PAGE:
Alan Jacobs writes a short but forceful critique of Wendell Berry’s brand of agrarian localism:
There are Christians all over the world today because the successors to Paul declined to stay home. They were not “stickers.”
None of this means that affection for one’s geographical place in the world is of no value; but it does suggest that for the Christian it has at best a secondary and contingent value. There are higher commitments to which it must be subservient. To make it a first-order commitment —which as I read Wendell Berry’s work is what he does — is, as far I can tell, a form of idolatry.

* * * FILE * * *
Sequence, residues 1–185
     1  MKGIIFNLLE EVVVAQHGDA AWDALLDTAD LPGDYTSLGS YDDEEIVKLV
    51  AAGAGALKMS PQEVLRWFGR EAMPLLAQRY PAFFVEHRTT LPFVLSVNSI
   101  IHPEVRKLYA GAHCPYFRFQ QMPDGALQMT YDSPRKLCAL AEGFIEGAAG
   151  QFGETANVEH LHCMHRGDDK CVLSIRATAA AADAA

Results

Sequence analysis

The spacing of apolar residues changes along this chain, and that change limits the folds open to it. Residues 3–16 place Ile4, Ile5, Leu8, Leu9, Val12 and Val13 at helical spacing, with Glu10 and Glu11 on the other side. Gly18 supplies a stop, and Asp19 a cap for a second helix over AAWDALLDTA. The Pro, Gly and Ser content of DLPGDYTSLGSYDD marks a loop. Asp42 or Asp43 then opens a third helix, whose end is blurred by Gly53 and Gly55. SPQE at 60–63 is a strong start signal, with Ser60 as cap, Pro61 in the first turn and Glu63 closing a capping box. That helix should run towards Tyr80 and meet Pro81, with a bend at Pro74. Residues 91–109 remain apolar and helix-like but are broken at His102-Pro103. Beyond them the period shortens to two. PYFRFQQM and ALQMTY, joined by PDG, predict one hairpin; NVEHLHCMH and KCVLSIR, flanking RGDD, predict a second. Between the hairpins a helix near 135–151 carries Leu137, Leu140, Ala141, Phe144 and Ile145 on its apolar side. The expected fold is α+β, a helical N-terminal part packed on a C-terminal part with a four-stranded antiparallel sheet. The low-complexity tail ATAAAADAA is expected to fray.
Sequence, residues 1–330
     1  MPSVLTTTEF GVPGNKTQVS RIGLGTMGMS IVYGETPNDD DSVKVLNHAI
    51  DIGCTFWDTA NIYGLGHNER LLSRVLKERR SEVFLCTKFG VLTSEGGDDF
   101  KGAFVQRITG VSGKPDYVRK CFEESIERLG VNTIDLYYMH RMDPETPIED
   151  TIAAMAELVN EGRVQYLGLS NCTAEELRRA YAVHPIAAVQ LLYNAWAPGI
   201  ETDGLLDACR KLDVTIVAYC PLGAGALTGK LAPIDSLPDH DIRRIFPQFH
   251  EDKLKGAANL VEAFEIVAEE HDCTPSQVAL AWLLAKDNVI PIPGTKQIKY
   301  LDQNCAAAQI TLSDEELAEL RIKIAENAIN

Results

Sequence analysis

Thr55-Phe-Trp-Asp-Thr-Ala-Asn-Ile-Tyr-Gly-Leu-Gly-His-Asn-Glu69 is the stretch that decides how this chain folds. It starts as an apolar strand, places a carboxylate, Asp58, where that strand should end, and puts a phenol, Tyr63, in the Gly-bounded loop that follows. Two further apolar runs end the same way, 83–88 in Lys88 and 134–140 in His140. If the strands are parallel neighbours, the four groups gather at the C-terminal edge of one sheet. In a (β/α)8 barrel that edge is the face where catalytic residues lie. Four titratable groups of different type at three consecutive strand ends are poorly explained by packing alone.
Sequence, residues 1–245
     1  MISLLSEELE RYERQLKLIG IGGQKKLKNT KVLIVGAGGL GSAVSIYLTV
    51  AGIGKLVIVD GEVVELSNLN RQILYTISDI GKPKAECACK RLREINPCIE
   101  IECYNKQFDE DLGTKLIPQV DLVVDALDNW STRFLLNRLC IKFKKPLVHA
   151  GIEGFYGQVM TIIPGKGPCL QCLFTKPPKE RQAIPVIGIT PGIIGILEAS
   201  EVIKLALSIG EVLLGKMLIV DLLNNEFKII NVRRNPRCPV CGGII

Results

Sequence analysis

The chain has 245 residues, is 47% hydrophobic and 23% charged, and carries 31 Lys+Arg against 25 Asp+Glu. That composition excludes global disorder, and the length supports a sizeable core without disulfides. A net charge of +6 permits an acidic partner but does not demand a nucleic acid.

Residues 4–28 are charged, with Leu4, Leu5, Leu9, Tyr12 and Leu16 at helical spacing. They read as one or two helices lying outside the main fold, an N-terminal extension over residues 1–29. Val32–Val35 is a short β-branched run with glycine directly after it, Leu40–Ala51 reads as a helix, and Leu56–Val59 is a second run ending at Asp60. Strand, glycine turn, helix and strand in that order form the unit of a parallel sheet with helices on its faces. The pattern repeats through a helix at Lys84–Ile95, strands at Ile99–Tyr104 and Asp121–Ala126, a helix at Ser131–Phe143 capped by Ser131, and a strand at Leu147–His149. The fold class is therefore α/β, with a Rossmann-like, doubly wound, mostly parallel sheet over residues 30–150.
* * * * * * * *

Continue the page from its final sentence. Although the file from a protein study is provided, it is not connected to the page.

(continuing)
Steven Wedgeworth is the pastor of Christ Church in Lakeland, Florida. He writes about theology, history, and political theory, and he has taught Jr. High and High School. He is the founder and general editor of The Calvinist International, an online journal of Christian Humanism and political theology, and a Director for the Davenant Trust. A graduate of Reformed Theological Seminary (Jackson, MS), Steven lives in Lakeland, FL with his wife, son, daughter, and two terriers.
The Calvinist International is a forum for research, resourcement, and renewal of Christian wisdom.